The CRISPR-Cas9 gene editing system has revolutionized genetic engineering. Over the last decade, this technology has exploded at a breathtaking pace due to its simplicity, scalability, affordability and adaptability. Currently, the CRISPR-Cas9 system is employed in molecular biology laboratories all around the world and has been used to edit the genomes of a myriad of organisms from bacteria to yeasts to plants to mammals. This is particularly true in the cancer immunotherapy sphere, where the CRISPR-Cas9 system has been successfully used to genetically enhance different cancer-killing properties of human immune cells. Pickar-Oliver and Gersbach, 2019, Nature Reviews Molecular Cell Biology 20(8), 490-507.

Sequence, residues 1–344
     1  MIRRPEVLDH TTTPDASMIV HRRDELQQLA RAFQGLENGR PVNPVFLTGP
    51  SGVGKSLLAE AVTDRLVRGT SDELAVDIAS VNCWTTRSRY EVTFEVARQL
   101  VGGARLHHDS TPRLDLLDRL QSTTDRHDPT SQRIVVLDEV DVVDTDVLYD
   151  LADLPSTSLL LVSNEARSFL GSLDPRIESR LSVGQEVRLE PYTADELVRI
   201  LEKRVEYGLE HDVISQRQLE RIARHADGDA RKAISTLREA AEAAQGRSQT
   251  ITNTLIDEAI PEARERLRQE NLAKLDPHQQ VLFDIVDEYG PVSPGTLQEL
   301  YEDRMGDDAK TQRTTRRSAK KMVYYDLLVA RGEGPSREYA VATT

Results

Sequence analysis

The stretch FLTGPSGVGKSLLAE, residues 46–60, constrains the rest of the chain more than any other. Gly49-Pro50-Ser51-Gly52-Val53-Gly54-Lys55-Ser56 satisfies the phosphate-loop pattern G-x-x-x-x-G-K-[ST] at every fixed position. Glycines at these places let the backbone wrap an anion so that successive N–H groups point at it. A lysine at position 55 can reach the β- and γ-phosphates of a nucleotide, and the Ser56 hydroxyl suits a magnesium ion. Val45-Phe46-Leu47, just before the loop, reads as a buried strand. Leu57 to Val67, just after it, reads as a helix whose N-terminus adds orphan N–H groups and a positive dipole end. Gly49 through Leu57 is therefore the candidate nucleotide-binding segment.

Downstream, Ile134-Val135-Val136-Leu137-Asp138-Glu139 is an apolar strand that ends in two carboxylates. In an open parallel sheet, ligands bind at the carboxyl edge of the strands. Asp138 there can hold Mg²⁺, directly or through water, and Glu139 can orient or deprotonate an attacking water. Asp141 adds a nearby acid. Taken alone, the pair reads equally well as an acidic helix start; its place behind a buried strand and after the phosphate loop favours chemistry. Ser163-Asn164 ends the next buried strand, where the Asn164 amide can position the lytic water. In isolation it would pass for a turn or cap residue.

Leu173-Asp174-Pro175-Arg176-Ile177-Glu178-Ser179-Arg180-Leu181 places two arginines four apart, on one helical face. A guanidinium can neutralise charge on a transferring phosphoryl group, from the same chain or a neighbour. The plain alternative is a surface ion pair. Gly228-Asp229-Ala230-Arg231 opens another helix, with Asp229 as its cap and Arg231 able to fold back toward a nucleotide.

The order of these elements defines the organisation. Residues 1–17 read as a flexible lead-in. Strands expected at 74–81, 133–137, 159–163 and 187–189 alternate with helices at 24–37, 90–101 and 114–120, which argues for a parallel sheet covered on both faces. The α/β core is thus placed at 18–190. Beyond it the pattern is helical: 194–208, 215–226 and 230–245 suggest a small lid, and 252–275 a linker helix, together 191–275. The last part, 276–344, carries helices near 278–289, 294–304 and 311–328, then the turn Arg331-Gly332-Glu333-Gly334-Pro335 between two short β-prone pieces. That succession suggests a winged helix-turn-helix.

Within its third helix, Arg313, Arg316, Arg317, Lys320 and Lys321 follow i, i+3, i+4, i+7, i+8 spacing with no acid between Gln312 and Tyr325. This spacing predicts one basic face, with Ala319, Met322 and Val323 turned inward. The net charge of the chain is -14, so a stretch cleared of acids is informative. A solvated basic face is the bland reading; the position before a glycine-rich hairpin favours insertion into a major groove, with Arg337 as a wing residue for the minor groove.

Considering the potential application of the CRISPR-Cas9 system in the immunotherapy space, it is helpful to stay abreast of developments concerning the patenting of this technology. While there are a plethora of patents and patent applications relating to CRISPR, the dispute between Nobel Prize winners Jennifer Doudna and Emmanuelle Charpentier associated with The Regents of the University of California and University of Vienna (collectively “CVC”), on the one hand, and Feng Zhang associated with The Broad Institute, Inc., Massachusetts Institute of Technology, and Presidents and Fellows of Harvard College (collectively “Broad Institute”), on the other hand, has received the most attention. This dispute focuses on which entity is entitled to patent claims (and associated ownership rights) that encompass the use of CRISPR-Cas9 in eukaryotic cells. The parties have participated in multiple proceedings before the United States Patent and Trademark Office’s Patent Trial and Appeal Board (“PTAB”) to decide which entity was entitled to claims specific to eukaryotic cells. The PTAB’s most recent decision resulted in a win for the Broad Institute. The PTAB’s decision focuses on which entity actually reduced to practice, or conceived of, the use of the CRISPR-Cas9 system with a single guided RNA able to edit DNA to affect gene expression in a eukaryotic cell. The question of reduction to practice requires proof that the inventors constructed an embodiment that met all of the claim limitations and that the inventors determined that the invention would work for its intended purpose. The Regents of the University of California, et. al. v. The Broad Institute, Inc., et al., Patent Interference No. 106,115 at 9 (PTAB Feb. 28, 2022). The question of conception requires both the idea of the invention’s structure and possession of an operative method of making it. The Regents of the University of California, et. al., Patent Interference No. 106,115 at 24-25.